Combining what we know about dual-attention stimuli (e.g., eye movements) and how memory functions, working memory theory offers important insight into how EMDR therapy works in the brain.
Working memory refers to the processing when we bring information stored in our long-term memory into present and active use. Whereas long-term memory has limitless storage potential, our working memory is limited. In EMDR therapy, the dual task of bringing up the memory in our mind while simultaneously moving our eyes taxes the limits of working memory, thus making the memory less vivid and less emotional.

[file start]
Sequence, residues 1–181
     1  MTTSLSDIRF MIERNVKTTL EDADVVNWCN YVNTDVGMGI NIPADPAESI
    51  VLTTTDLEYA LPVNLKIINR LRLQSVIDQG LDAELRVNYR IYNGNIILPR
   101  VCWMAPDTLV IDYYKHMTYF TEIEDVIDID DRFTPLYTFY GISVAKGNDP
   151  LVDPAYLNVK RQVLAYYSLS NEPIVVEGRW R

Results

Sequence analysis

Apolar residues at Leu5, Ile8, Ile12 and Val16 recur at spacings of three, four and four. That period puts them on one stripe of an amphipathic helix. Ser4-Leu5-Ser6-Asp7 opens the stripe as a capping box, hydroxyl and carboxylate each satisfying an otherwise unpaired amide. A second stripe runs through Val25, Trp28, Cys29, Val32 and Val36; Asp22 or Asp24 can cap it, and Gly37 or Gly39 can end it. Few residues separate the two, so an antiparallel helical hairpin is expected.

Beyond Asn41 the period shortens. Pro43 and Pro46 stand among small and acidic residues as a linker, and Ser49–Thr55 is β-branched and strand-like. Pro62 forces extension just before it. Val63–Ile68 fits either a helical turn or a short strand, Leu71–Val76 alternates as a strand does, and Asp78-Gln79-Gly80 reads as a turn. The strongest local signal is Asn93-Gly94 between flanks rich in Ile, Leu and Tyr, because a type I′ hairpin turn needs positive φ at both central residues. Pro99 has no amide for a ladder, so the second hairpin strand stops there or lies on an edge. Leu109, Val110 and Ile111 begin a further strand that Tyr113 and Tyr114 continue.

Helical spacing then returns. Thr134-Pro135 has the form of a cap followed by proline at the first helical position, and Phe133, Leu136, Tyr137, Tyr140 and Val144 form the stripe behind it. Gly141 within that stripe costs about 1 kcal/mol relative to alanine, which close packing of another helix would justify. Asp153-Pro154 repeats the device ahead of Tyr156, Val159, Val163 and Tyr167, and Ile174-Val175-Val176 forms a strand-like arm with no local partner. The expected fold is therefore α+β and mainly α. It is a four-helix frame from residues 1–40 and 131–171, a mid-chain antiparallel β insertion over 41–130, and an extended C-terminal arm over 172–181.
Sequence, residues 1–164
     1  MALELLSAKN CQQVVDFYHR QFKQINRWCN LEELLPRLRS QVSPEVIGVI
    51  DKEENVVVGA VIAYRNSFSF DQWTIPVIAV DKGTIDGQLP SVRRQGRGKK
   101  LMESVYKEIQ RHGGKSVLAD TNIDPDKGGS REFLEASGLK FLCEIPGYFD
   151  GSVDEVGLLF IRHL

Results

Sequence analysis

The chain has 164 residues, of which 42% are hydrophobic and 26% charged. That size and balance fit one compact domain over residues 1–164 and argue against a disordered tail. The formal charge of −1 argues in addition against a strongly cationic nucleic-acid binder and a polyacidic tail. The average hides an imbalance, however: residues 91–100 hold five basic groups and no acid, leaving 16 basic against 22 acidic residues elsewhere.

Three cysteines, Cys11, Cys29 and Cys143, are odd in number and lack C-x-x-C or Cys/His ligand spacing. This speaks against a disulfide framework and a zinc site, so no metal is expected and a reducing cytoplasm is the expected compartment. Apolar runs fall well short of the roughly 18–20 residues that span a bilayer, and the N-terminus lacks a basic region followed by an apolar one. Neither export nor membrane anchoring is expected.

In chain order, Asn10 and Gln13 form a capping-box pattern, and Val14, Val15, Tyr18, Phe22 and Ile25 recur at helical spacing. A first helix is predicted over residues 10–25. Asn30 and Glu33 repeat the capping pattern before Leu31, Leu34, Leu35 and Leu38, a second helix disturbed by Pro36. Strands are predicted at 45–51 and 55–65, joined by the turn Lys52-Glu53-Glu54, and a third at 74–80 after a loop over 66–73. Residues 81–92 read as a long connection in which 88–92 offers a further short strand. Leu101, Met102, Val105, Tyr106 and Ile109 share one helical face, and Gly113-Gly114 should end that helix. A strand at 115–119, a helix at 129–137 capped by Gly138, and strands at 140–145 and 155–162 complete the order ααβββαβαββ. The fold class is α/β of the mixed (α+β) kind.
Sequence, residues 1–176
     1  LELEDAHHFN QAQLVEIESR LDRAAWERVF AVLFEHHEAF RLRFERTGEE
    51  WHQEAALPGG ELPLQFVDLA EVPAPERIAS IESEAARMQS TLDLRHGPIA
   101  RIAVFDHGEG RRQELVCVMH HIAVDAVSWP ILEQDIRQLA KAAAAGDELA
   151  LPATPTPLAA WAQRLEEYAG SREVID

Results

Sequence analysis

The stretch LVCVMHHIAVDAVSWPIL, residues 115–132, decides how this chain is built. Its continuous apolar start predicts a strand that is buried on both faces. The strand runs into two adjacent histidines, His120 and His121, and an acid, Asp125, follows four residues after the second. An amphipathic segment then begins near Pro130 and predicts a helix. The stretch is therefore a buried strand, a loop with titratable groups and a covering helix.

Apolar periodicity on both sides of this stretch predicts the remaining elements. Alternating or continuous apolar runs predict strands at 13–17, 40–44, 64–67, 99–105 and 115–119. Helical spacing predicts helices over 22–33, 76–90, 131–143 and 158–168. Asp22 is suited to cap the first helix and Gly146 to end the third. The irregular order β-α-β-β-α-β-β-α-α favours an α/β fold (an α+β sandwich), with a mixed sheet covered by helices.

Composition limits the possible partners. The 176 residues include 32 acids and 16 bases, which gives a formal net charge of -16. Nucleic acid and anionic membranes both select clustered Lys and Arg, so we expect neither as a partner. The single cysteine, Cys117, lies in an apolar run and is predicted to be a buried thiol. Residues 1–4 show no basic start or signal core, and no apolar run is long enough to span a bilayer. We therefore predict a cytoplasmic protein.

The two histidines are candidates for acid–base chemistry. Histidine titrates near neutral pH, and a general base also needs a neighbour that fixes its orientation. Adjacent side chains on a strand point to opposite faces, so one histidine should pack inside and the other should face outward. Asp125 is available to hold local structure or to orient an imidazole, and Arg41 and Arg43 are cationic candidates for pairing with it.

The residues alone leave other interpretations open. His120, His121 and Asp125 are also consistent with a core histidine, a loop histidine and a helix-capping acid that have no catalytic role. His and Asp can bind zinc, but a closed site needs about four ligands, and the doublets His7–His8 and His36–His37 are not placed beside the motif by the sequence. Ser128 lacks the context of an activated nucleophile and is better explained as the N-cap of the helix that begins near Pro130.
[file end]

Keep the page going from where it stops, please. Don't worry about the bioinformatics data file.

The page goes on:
In application, the more dual tasks we add while maintaining focus on the traumatic memory, the easier it is for the brain to process the negative material and desensitize. The desensitized memory is then stored into long-term memory in its new, less intense state.